EU: Mark Zuckerberg says Facebook will (partially) apply the GDPR globally

  • Facebook CEO Mark Zuckerberg announced on Wednesday 5 April that his company intended to implement the provisions contained in the General Data Protection Regulation, Europe’s newly-strengthened privacy standards, across its entire global network.
  • Responding to the fallout caused by the Cambridge Analytica scandal, Zuckerberg said he was prepared to change Facebook’s privacy settings to go beyond the privacy standards currently available in the US and outside the EU. These changes would enable Facebook’s users to revoke how data is used by the social network if they believe their digital information is being misused.
  • Emily Sharpe, a London-based privacy and public policy manager at Facebook, explained that while certain features of the GDPR would be rolled out globally, other regulatory steps required to gain users’ online consent, particularly around the collection of sensitive data (political or religious affiliation), would only apply within the EU.

France: Macron launches AI strategy with €1.5bn planned investments until 2022

  • French President Emmanuel Macron released his government’s AI strategy on Thursday 29 March with ambitious plans to make France a leader in artificial intelligence.
  • The report, led by mathematician and MP Cédric Villani, sets out measures to boost data sharing in France, particularly between private actors, and supports the right to greater data portability to enable individuals to move more easily between different ecosystems without losing their data history.
  • The strategy targets four strategic sectors (health, transport, environment and defence) in which France already has a competitive edge, while also encouraging the co-financing of Franco-German projects, something German Research Minister Anja Karliczek welcomed, stating that “German and French companies need to become leaders in the face of Chinese and American companies”.
  • The French report is expected to feed-in to the European Commission’s own-strategy on AI, which will be released on Wednesday 25 April 2018.

EU: ITRE Committee releases draft report on the Cyber Act

  • The European Parliament’s Committee on Industry, Research and Energy (ITRE) released its amendments on the “Cybersecurity Act”, a regulation intending to give a funding boost to the EU’s cyber agency ENISA and set up an EU-wide cybersecurity certification scheme.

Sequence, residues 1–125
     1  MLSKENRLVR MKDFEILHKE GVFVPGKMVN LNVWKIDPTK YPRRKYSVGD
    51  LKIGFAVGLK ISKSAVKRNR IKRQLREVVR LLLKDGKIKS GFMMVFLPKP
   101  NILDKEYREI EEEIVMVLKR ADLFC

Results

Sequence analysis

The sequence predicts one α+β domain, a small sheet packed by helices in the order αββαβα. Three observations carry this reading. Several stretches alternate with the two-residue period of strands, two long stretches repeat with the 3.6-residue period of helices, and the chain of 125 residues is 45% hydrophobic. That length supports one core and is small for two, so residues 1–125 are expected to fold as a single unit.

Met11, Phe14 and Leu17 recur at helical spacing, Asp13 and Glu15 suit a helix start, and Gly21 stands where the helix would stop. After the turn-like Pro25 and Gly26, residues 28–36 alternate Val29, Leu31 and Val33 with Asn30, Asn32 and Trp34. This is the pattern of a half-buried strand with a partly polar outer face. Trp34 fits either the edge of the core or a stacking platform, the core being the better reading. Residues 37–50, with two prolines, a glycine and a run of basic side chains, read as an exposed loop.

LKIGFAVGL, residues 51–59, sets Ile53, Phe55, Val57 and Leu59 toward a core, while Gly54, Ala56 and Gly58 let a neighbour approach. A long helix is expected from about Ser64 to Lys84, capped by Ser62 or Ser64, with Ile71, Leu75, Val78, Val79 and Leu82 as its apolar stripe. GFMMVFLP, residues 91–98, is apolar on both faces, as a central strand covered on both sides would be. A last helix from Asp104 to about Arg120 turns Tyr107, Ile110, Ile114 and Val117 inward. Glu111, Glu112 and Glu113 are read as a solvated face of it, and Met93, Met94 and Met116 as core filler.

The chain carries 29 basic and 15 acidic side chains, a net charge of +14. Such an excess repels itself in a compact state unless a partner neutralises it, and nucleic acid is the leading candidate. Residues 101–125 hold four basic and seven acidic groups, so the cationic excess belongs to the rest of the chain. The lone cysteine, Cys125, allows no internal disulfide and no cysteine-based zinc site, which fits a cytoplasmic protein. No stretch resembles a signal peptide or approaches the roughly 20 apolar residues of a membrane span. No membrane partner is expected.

• The amendments proposed by the rapporteur Angelika Niebler (EPP, Germany) would go beyond the Commission’s proposal to strengthen cybersecurity oversight at European level.
  • For ENISA, the rapporteur wants a wider scope of competencies for the agency’s permanent stakeholder group and a bigger role for the agency overall in assessing critical cross-border infrastructure through the provision of security audits.
  • On the certification framework, Niebler’s amendments include adding a mandatory requirement for high-risk products (where the EC had initially set out a voluntary, opt-in approach) and the inclusion of “processes” alongside products, meaning companies would need to have an internal process in place to keep their data safe.
  • The proposed draft amendments will be discussed in the ITRE committee and voted on 19 June. Meanwhile governments from Member States continue to discuss in parallel in the Council of the EU’s working groups.

Netherlands: Dutch bank boosts data-protection measures in anticipation of GDPR

  • Dutch bank Rabobank is working with ICT company IBM to install a system that would enable the bank to “pseudonymise” the bank’s personal data.
  • The measure announced on April 5 would mean that data leading back to an individual is swapped with other identifiers to make it more secure.
  • The announcement is the latest example of how hardware providers like IBM are increasingly providing privacy technology, especially to the financial sector, in anticipation of the EU’s strengthened data protection rules, as the General Data Protection Regulation comes into force on May 25 2018.